Malathi Mahadevan works as a Senior DBA with Kindred Healthcare – a healthcare services company based out of Louisville, KY and ranked first in Fortune magazine's Most Admired Companies "Health Care: Medical Facilities" category. She is the founder-lead of the local chapter of Professional Assn of SQL Server and have 12 years of experience using SQL Server.
This is a ReALview™ of a robust performance monitoring tool from Quest Software, called Quest Performance Analysis for SQL Server.
The environment I work on comprises of approximately 150 SQL servers, 50 each on Dev/QA and Production. Majority of these servers are on SQL Server 2005, some are on SQL Server 2000 and two of them are on SQL Server 2008. Being a healthcare company we have very sensitive data and high expectations on system uptime.
We often have to provide back dated reports on performance or troubleshoot performance issues that happened sometime ago when they come to light by developers or other concerned people. We also have to give comparative performance reports on server performance before and after certain critical changes are done. Also given the number of servers we have we really need an interactive tool that shows graphically how the server is performing on a minute to minute basis.
How Quest Foglight Performance Analysis helped us
Quest Performance Analysis is a very unique tool that is oriented towards monitoring and trouble shooting query or TSQL heavy SQL Servers. The interactive interface that it provides allows the DBA to see how server is performing on a continues basis and dig down into problem areas.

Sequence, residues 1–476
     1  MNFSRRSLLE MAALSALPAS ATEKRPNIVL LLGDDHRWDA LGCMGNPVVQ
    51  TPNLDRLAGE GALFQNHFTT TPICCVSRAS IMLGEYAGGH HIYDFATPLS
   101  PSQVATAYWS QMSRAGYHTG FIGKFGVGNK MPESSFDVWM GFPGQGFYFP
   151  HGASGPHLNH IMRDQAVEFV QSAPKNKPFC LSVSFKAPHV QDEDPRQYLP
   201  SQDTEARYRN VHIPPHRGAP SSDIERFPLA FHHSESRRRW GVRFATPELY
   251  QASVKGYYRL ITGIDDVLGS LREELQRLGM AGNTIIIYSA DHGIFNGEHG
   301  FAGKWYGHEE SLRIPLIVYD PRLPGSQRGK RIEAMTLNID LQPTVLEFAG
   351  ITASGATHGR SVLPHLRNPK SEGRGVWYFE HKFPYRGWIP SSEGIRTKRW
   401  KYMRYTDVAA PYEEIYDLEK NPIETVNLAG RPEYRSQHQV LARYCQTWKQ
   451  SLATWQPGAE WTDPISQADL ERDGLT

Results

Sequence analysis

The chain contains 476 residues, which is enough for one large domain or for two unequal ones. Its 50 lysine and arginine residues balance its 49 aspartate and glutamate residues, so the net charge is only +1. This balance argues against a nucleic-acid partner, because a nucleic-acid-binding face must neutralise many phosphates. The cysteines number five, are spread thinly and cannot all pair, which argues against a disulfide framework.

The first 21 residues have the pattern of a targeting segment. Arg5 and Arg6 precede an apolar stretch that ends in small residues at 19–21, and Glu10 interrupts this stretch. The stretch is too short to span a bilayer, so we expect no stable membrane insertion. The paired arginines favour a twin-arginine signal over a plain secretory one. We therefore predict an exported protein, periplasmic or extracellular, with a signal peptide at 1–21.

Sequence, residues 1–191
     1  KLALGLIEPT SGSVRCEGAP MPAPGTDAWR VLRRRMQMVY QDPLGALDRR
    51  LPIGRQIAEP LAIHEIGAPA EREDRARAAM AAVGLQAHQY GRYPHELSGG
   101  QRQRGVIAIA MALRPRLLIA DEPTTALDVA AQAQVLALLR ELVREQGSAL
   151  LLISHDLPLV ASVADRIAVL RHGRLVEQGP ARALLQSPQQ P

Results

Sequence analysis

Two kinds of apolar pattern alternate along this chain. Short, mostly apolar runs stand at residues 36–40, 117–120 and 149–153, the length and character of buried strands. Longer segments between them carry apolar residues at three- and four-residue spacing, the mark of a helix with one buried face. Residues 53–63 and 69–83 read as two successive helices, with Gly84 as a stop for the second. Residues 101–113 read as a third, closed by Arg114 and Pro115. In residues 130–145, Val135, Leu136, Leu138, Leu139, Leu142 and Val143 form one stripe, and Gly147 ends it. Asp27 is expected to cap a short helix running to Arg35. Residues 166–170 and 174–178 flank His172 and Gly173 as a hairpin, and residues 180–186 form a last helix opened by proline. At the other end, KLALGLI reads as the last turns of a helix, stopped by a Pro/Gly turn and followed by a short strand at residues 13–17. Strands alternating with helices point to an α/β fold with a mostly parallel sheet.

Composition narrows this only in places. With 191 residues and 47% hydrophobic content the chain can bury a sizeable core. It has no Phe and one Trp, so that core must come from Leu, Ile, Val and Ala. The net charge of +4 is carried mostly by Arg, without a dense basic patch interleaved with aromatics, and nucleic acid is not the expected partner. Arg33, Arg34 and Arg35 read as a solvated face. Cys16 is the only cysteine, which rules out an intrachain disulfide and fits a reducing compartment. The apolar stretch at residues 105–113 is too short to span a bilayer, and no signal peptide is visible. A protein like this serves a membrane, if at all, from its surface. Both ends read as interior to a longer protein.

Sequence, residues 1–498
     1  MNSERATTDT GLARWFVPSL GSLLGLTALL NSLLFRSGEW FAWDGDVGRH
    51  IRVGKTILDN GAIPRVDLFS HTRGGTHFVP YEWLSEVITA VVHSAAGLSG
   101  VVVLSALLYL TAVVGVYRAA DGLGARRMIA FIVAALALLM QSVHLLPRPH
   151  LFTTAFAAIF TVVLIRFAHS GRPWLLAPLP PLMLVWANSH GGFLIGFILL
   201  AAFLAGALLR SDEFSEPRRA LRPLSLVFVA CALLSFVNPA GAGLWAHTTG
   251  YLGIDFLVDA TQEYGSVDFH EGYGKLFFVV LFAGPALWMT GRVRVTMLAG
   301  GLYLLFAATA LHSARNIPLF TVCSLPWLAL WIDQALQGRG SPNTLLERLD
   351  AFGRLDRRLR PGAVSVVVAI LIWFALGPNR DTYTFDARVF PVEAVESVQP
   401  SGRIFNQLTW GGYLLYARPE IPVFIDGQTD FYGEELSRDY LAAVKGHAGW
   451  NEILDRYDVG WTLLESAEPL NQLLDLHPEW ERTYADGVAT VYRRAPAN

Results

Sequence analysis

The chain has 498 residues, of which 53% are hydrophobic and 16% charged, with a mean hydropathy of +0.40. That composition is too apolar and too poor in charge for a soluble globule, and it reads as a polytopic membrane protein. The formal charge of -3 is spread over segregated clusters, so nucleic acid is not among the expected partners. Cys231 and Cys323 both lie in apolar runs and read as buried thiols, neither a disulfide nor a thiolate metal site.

The screen you see above is the workload summary (each resource has its own drilldown on details of resource usage). The second interactive view is the real time graphic summary below, which has the breakdown of each resource in terms of wait times. It is also possible to see this breakdown in terms of each component of the workload such as CPU, I/O, Memory and so on. The ‘current sessions’ will tell you the sessions that are contributing to this wait.
These screens autorefresh so all a DBA needs to do is to keep them up on the monitor and look at it. For us this has saved valuable time since it is proactive performance monitoring, and we have many times found problems such as a run away query before users report performance issues. We also have been able to show them graphically how much their query is straining the system and why it needs to be tuned/stopped
Other interesting features
PA has a huge number of very useful features. Some we use more commonly is History
It stores a history of queries, wait times and so on which is much longer than what you get with SQL Server DMVs. The time period is configurable. We keep it 90 days. This helps us to answer any questions on past performance accurately.
There is a huge number of reports you can generate from PA. The ones we commonly use are the Executive Summary and the Top n Resource consuming Queries.
We also run a ‘comparison’ from time to time of resource consumption from one time frame to another. We have found that to be hugely useful after significant changes have been made to the server.
I highly recommend this tool for busy DBAs who have to monitor multiple servers or have query intensive servers with frequent problems. It is worth every $ spent on it and Quest offers very good tool support also.